DIY Repairs

Mechanics now-a-days charge prices that fall just a little short of extortion and it is about time you armed yourself with some knowledge of how to do the simpler things by yourself. Some repairs will inevitably send you to a mechanic but there are many repairs that you can manage with a little guidance and much less money than a mechanic will demand.

Fuel filter replacement

The average car will require a new fuel filter after being driven for about 10,000 miles. When an oil filter gets dirty and clogged, it reduces an engine’s efficiency and might significantly reduce the power output of an engine. When it gets too dirty, it might reach a point where the engine fails to start. The filter should therefore be replaced regularly. To replace an oil filter, you should start by disconnecting the battery and releasing fuel line pressure. Disconnect the fuel line from the old filter and remove the filter. Replace the washers and then connect the new filter. Make sure that all the steps have been followed and start the car to check for fuel leakage.

Replacing brake pads

Brake pads can easily be replaced by any person with basic tools. It is important because brakes are important for your safety on the road and they can damage other expensive parts when they wear too thin. You need a jack, c-clamp, socket set, and lug nut wrench. The process entails lifting the jar, removing the wheel, opening the brake calipers, and replacing the pads. Brake pad recycling is available in some states.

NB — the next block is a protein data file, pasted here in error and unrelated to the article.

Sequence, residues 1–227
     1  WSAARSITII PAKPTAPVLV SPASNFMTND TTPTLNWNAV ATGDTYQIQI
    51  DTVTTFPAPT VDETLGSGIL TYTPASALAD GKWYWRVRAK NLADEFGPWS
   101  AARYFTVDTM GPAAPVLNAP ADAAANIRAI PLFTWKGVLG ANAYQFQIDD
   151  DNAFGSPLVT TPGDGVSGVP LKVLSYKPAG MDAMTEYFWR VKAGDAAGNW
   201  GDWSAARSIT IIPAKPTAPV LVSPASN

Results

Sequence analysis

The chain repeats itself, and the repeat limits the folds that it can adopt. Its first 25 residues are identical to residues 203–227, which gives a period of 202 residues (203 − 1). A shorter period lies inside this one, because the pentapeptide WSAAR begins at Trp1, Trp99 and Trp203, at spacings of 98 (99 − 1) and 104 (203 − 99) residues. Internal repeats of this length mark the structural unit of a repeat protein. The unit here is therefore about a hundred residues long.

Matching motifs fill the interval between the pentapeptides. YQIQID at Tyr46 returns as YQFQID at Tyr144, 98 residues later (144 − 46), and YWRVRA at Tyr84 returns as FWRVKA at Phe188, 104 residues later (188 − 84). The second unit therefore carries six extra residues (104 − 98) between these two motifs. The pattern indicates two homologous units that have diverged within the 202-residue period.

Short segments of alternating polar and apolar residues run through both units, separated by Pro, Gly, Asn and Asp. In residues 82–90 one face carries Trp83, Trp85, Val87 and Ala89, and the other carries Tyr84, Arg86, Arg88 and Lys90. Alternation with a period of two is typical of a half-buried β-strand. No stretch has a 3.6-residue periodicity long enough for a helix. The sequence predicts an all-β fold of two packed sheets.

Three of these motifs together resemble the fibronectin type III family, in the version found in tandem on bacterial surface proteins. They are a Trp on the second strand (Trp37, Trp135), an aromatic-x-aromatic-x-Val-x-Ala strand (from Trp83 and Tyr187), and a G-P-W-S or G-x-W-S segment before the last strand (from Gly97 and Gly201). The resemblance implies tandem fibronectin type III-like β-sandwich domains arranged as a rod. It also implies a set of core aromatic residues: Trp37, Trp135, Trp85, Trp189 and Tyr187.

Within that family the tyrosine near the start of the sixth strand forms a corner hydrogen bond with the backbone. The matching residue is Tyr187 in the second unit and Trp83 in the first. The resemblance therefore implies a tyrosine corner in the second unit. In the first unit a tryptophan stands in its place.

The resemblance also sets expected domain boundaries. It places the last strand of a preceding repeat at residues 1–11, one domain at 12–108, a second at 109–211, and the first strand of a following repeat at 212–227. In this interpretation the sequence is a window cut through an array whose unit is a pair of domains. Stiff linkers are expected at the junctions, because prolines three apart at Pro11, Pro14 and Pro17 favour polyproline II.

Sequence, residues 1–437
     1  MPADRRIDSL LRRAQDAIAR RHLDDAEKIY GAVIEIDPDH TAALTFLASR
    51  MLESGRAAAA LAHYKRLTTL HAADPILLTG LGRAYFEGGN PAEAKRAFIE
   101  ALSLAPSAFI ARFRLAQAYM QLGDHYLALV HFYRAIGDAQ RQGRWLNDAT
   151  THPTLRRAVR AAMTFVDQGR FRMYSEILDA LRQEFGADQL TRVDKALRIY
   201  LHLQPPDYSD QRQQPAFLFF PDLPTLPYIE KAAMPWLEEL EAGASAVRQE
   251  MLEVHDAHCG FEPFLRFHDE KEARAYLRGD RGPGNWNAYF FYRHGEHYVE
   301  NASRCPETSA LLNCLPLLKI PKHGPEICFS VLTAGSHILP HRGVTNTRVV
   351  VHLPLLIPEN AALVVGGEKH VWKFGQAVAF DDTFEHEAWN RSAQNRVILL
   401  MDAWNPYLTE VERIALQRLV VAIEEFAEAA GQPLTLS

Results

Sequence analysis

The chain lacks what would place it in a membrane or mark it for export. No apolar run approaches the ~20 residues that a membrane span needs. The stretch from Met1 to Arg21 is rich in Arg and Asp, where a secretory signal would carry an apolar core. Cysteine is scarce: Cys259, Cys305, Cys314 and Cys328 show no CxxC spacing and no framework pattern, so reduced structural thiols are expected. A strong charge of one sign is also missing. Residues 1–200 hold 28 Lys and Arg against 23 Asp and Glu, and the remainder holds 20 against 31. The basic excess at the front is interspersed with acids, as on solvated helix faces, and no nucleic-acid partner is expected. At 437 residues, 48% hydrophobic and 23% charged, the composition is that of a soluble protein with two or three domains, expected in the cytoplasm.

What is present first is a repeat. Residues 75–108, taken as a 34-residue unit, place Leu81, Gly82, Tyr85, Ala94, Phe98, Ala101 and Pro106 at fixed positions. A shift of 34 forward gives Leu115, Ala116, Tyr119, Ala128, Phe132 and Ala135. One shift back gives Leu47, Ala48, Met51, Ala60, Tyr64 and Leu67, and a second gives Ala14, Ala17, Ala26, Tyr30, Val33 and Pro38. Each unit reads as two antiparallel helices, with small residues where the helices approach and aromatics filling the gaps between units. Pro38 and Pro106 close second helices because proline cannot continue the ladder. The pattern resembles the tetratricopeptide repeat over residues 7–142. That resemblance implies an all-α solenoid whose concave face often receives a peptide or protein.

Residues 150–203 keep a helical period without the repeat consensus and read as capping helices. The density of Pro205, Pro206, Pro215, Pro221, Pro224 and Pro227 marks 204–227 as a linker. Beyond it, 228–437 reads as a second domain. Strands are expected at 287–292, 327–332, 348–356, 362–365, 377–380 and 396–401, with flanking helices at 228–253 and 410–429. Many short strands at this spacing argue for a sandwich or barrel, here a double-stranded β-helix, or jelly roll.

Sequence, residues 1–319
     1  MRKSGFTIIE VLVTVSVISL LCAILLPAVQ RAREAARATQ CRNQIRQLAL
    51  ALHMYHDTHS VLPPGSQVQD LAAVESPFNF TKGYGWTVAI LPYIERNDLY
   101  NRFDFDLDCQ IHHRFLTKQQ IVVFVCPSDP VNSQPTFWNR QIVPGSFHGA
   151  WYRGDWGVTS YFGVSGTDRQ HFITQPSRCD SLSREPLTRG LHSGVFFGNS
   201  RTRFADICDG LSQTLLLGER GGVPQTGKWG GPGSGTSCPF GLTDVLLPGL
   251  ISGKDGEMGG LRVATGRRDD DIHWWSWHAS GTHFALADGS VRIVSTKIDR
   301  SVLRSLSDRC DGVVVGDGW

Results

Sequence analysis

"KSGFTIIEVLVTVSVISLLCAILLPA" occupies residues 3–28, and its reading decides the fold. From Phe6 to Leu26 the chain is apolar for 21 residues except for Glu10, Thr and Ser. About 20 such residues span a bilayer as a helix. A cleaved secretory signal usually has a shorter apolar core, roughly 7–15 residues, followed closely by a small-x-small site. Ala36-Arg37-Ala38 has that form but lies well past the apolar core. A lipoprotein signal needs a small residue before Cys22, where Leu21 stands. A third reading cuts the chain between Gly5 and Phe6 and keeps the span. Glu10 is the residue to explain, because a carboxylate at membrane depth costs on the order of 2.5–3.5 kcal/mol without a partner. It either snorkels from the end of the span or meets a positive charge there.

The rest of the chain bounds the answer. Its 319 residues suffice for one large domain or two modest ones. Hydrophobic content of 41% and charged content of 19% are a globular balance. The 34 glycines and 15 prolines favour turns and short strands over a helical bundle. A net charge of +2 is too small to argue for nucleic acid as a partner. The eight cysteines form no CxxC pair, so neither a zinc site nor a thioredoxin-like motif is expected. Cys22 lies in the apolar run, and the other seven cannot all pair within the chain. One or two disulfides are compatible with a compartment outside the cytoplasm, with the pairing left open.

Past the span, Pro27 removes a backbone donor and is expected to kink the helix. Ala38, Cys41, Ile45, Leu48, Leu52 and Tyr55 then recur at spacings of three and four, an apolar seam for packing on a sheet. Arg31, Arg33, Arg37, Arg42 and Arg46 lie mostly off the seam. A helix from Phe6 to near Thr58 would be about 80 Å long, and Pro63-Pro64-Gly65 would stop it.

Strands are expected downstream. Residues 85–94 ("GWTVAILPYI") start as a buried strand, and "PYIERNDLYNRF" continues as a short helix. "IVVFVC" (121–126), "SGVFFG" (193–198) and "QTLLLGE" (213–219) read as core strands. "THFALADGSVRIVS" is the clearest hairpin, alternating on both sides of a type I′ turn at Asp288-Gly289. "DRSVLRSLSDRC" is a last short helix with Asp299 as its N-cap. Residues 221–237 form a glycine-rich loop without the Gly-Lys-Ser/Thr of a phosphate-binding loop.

Windshield repair

It is very easy to repair windshields that suffer from star chips with few or no cracks at home. There are many windshield repair kits for DIY enthusiasts that can be bought at auto stores. The first step is to clean an area around the damaged part of the windshield with glass cleaner. Smoothen the damaged area with a razor blade and make sure that you clean out any loose glass. Inject adhesive into the windshield. Don’t carry out the procedure in direct sunlight as the adhesive will dry too quickly and the finish will not be clear.

Power steering flush

When you go to a mechanic to have a power steering flushed, it would cost between $30 and $100. This does not sound like too much until you consider the fact that you can do it at home for about $5. All you need for this process is a turkey baster. Use the turkey baster to siphon as much oil as you can from the canister located in the engine bay and keep it safely for transport to a recycling plant. Pour the new fluid into the container and you’re good to go as soon as you return it to its position.

Apart from these minor repairs, you can conduct most of the repairs done during a routine service visit at the comfort of your home. With enough experience, you might no longer have to take the car for routine maintenance after 3,000 miles. This way you can save money for emergency car repairs and extensive repairs that are required after about 60,000 miles.